Bugs surround us. Of the 1 million or so that entomologists have identified so far, many are our friends, such as the bees that fertilize apple, cherry, avocado and many other crops, enabling them to bear fruit. Butterflies add color to our backyards, and fireflies twinkle in the summer dusk.
But a lot of bugs aren’t so nice. Many cause a great deal of damage -- whether in human and animal health or in economic losses to farmers, foresters, homeowners and others. We've identified 10 particularly bad actors that are wreaking havoc as we speak, maybe even on your neck. Quick!
Which bugs do you hate the most? Tell us about them, and why, in the comment section below.
• Mosquitoes are a notorious carrier of diseases, including malaria. Eradicating malaria worldwide would cost about $5 billion each year between now and 2020.More than just a backyard pest, mosquitoes infect more than 300 million people a year with malaria and dengue fever, life-threatening diseases.
About 800,000 people a year die from malaria, and 20,000 people succumb to dengue fever, according to the World Health Organization. Africa, where mosquito control efforts are often lacking, is especially hard hit. African businesses note that work absences stemming from mosquito-borne diseases cost them $12 billion a year in lost productivity.
In the U.S., mosquitoes spread West Nile virus, which can be fatal to humans and horses.
•Eradication efforts by states, cities, homeowners and business owners plus expenses associated with treating bites to people and animals run around $6 billion a year.Native to South America, these swarming and stinging ants are now found as far away as China and Australia, and throughout the southern half of the U.S.
They’re quite resourceful about traveling to new locations. For example, queens and drones can fly, letting the winds take them to new homes. An entire colony can also roll up in a ball shape and float down a stream to build a new mound. And they’re ferocious when their nests are disturbed -- hundreds can sprint up on you at once, all biting at the same time, leaving bumps and pustules that sting and itch.
Young children, the elderly and frail people are especially vulnerable: Attacks can put them in the hospital or even cause death. Farm animals are frequent victims, too, hiking expenses for livestock producers.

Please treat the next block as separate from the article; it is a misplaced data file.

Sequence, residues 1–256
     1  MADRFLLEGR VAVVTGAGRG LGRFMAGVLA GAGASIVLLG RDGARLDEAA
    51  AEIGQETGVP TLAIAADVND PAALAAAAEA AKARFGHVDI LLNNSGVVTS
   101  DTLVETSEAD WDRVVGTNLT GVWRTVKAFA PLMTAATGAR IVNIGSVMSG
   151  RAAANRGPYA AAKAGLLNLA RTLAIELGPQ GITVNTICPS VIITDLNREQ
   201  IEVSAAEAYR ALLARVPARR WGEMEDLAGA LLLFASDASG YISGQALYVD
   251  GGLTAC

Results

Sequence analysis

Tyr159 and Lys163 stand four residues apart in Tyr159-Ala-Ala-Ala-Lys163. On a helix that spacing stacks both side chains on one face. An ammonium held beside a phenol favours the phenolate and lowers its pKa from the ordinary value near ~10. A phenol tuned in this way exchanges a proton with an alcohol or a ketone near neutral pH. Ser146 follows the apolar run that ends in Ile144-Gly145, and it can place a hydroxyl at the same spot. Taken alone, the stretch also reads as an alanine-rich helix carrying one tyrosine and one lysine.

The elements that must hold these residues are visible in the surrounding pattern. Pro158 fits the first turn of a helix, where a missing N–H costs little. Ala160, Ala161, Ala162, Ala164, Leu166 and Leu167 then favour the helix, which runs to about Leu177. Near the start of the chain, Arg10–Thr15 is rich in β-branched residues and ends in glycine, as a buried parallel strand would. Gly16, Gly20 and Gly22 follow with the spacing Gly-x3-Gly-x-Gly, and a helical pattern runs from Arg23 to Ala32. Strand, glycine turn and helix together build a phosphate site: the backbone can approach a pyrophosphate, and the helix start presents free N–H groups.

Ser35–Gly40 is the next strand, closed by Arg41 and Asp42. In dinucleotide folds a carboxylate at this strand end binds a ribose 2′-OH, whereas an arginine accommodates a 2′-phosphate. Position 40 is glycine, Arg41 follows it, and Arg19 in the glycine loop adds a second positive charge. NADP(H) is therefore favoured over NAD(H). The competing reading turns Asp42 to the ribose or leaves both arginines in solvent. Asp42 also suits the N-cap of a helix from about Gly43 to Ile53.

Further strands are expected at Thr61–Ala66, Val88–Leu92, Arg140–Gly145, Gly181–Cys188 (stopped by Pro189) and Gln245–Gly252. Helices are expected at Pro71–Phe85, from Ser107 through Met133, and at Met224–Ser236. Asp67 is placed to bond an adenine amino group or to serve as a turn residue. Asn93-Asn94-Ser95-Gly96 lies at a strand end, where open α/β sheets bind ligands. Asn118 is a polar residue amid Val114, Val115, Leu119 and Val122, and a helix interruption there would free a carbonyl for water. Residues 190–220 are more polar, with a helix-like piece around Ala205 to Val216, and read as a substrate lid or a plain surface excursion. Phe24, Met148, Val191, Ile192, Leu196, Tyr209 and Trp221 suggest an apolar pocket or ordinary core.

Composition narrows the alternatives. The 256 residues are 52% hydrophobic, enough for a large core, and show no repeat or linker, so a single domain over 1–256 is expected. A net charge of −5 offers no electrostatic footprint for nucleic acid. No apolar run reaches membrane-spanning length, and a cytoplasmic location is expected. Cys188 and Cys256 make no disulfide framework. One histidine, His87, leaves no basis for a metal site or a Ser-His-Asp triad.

• The bane of farmers, these pests ruin from $6 billion to $12 billion of stored U.S. grain each year.Grain weevils chew up and contaminate about 5% to 10% of the corn, soybeans, wheat, rice, sorghum, barley and other grains in U.S. granaries.
Losses are especially high in warm conditions and when agricultural commodities can’t be kept dry and safely sealed.
The weevils do even more damage in developing countries, where storage facilities are often lacking or poorly constructed. Since grains are an essential food staple worldwide, damage from weevils is a persistent threat to fighting world hunger. Fortunately, grain storage practices are improving, allowing for more grain to be tightly sealed against bugs and other pests.
• U.S. property owners shell out about $20 billion a year to keep termites from eating them out of house and home.Economic damages from termites start with $4 billion in treatment costs to stop them once spotted plus around $16 billion to repair or replace structures they’ve visited.
The chewer-in-chief is the Formosan variety, which arrived in the 1950s from Asia and is now ubiquitous throughout the southeastern U.S. It develops massive colonies and then sends off swarms of flying termites to launch new ones. The Formosan termite attacks live trees as well as buildings.
We expect the Formosan to keep expanding across the southeastern U.S. The odds of controlling it are only fair at best. The silver lining: It doesn’t tolerate cold weather well, so it probably won’t migrate north of North Carolina or Tennessee.
• This bug’s larvae attack corn, America’s largest crop, chewing around $3 billion a year out of farmers’ wallets.The costs of controlling this pest with biotech seed, seed treatment and insecticides in the soil are up to about $300 million. Reduced yields cost farmers an additional $2.5 billion or more in profits, depending on corn’s value in any given harvest.